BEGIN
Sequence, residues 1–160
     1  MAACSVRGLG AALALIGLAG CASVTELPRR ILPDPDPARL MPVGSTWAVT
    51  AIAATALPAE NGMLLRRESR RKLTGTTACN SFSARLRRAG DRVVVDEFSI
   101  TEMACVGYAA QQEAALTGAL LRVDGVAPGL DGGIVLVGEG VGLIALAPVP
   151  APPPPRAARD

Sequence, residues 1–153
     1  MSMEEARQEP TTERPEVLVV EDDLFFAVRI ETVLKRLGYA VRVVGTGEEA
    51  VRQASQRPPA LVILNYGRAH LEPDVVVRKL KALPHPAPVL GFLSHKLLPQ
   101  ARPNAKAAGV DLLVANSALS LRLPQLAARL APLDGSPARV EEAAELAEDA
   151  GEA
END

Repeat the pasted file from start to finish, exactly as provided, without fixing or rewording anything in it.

Sequence, residues 1–160
     1  MAACSVRGLG AALALIGLAG CASVTELPRR ILPDPDPARL MPVGSTWAVT
    51  AIAATALPAE NGMLLRRESR RKLTGTTACN SFSARLRRAG DRVVVDEFSI
   101  TEMACVGYAA QQEAALTGAL LRVDGVAPGL DGGIVLVGEG VGLIALAPVP
   151  APPPPRAARD

Sequence, residues 1–153
     1  MSMEEARQEP TTERPEVLVV EDDLFFAVRI ETVLKRLGYA VRVVGTGEEA
    51  VRQASQRPPA LVILNYGRAH LEPDVVVRKL KALPHPAPVL GFLSHKLLPQ
   101  ARPNAKAAGV DLLVANSALS LRLPQLAARL APLDGSPARV EEAAELAEDA
   151  GEA